Tib Goldie, drawing a wagon in front of the family home. - Contributed

Historical happenings: Goldie saga highlights importance of family history

The Goldie family came to Canada in 1844, brought by their great-grandfather John Goldie, who died in 1886. David Goldie, father of James Goldie, played an important role in establishing the family’s name; for David’s achievements were remarkable.

In The Goldie Saga, Theresa Goldie (Tib) recalled only one memory of her father. It was sadly of him on his death bed. Mrs. David Goldie (Isabella Easton), also known as Bella, took care of 10 children after David’s passing.

The children grew up in a giant house in the Gore, Ont. The inside was extremely comfortable and designed for a large family. To the average person, the home encompassed unheard-of luxuries; there was a very fancy indoor washroom. The house also had a central furnace, which used hot water that flowed through pipes in the walls. Additionally, there were at least nine different fireplaces.

READ MORE: Oyama settlers after the First World War

Although she never lived in Lake Country, Tib was a welcomed visitor at the Rainbow Ranch. James Goldie and Robert Dormer purchased half the property, not long after James moved to the area, around 1908. James married Jessie Ross, in February 1913 (he made the proposal in 1912, at the Calgary Stampede). James managed the Rainbow Ranch until 1948. Japanese settlers were welcomed to work on the orchard, under the supervision of foreman Shigehisa (Sam) Hikichi. After sub-dividing, they continued to live on a small portion of the Rainbow Ranch.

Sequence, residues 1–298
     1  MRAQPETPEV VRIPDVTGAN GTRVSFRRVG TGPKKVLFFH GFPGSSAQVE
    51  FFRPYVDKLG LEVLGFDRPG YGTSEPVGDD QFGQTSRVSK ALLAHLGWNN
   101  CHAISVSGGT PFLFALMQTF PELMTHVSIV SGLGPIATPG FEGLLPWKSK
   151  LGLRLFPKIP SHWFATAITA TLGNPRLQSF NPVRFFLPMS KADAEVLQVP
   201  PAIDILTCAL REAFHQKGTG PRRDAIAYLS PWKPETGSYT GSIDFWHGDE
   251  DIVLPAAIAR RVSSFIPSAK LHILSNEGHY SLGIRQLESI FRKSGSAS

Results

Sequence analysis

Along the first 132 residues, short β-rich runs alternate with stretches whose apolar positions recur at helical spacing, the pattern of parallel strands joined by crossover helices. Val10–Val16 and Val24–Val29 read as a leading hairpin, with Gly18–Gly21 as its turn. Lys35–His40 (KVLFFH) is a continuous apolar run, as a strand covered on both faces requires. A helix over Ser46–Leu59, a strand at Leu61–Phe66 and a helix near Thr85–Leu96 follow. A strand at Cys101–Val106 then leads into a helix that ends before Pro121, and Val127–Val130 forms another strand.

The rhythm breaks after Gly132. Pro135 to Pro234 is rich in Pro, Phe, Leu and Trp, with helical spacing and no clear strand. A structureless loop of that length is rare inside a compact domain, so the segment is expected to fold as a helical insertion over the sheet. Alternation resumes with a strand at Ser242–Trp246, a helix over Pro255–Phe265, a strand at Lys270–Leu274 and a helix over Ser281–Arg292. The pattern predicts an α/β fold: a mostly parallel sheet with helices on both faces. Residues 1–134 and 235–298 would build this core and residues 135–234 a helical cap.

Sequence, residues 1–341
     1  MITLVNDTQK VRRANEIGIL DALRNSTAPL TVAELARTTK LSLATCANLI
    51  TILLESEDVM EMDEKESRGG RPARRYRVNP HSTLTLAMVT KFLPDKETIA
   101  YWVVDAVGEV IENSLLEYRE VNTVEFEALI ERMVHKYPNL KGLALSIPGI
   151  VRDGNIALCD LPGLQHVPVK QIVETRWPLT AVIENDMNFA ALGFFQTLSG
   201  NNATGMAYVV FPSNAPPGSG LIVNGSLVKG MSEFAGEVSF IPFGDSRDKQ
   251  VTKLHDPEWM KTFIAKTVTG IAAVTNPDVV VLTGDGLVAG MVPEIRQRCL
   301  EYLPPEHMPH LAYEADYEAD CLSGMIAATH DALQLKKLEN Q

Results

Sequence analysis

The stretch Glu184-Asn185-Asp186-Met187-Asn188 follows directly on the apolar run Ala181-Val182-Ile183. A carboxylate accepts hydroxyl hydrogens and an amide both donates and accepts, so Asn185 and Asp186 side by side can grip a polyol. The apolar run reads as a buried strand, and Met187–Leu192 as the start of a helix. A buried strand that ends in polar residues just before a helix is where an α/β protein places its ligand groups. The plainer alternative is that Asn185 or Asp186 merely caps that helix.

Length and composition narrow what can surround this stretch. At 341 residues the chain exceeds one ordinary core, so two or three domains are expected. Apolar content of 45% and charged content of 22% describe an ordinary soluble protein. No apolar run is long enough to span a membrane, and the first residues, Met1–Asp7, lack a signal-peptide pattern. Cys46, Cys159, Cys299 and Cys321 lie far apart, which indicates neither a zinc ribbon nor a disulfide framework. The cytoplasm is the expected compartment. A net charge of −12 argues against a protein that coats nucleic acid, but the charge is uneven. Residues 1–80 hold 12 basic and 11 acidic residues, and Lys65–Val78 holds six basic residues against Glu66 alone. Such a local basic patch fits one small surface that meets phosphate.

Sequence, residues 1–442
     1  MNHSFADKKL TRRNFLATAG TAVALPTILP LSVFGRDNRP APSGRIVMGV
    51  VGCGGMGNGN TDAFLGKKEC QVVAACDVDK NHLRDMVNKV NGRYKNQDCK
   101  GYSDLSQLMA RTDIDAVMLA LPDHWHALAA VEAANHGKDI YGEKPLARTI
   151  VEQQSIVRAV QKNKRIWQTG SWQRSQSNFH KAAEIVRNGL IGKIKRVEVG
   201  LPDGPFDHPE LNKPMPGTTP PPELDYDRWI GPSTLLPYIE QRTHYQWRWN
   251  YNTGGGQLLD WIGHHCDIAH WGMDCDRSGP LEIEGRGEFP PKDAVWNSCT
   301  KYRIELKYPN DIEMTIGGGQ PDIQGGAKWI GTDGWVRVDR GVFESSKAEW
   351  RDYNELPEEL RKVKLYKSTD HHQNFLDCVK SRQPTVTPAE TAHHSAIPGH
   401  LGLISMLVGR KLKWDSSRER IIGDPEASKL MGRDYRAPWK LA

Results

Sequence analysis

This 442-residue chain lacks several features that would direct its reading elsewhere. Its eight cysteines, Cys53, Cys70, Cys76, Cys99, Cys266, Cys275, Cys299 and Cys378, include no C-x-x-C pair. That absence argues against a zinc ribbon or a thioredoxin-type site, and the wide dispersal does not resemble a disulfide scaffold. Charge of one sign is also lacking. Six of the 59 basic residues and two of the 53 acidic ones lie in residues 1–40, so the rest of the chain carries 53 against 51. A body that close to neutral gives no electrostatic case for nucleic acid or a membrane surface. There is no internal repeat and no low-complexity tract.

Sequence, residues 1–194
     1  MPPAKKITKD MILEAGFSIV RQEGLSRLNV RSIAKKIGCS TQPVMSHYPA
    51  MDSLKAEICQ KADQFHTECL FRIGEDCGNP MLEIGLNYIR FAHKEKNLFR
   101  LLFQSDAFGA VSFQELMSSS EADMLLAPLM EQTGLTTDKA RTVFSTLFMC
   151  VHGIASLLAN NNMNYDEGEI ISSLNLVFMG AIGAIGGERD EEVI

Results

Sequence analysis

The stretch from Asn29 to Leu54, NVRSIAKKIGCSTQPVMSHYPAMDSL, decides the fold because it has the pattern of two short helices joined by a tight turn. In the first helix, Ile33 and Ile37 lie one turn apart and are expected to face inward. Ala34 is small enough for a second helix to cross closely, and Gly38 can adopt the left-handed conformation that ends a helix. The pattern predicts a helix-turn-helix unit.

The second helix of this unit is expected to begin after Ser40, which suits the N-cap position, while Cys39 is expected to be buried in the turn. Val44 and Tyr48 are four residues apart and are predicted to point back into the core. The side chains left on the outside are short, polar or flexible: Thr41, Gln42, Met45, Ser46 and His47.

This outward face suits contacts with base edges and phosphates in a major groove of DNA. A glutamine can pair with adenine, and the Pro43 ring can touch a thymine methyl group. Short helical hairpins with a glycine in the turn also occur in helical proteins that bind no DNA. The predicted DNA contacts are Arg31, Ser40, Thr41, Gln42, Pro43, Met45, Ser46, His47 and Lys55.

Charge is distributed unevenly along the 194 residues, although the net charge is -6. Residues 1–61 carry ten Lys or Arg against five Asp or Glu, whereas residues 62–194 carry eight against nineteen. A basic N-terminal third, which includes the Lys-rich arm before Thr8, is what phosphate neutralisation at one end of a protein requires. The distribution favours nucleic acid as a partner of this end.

Both James and Jessie passed away in the early 1970s. Goldies, even today, are well-known and respected in Okanagan Centre, Lake Country. The family name lives on through younger generations in the area.

Visit the Lake Country Museum to see photos of Tib, James, and other influential people connected to the Goldie family who were in Lake Country.

Every week, the Lake Country Calendar will publish a column from the Lake Country Museum highlighting our community’s past.

Just Posted

‘Our sales are hurting’ Kelowna music hub takes hit after big competition moves in

Milkcrate Records still taking a hit after Sunrise Records moved into town 2 years ago

Kelowna cat hit by car uses seven of nine lives, needs help for surgery

Seven is currently recovering at the SPCA in Kelowna

Lake Country’s Citizen of the Year never expected to win award

“I was totally blown away, I had no idea,” Robert Conelley said.

Housing proposed on popular Kelowna golf course land

Kelowna council may implement changes at the Quail golf course

Temperatures on the rise for the Okanagan Valley

Okanagan-Shuswap weekday weather update

Research needs to catch up with B.C.’s gas drilling industry, experts say

Hydraulic fracturing review ordered by Premier John Horgan

Father thanks B.C. Mountie for shooting hoops with kids, ‘changing perspectives’

‘We’re just like everyone else,’ says Surrey officer who stopped to play basketball with kids

2019 BUDGET: As deficit grows, feds spend on job retraining, home incentives

Stronger economy last year delivered unexpected revenue bump of an extra $27.8 billion over six years

Men ready to strut in their underwear for South Okanagan triathlete

Okanoggin Barbers second underwear fashion show happening Wednesday at Barking Parrot

Trans Mountain court hearing: B.C. says it won’t reject pipelines without cause

Canada says the proposed amendments to B.C.’s Environmental Management Act must be struck down

Okanagan dancers kick up heels for spring

PHOTOS: Spring Fling sees more than 60 converge in Vernon from as far as Okanagan Falls and Salmon Arm

Carfentanil found in 15% of overdose deaths in January: B.C. coroner

Carfentanil is 100 times more powerful than illicit fentanyl and used to tranquilize elephants

Most Read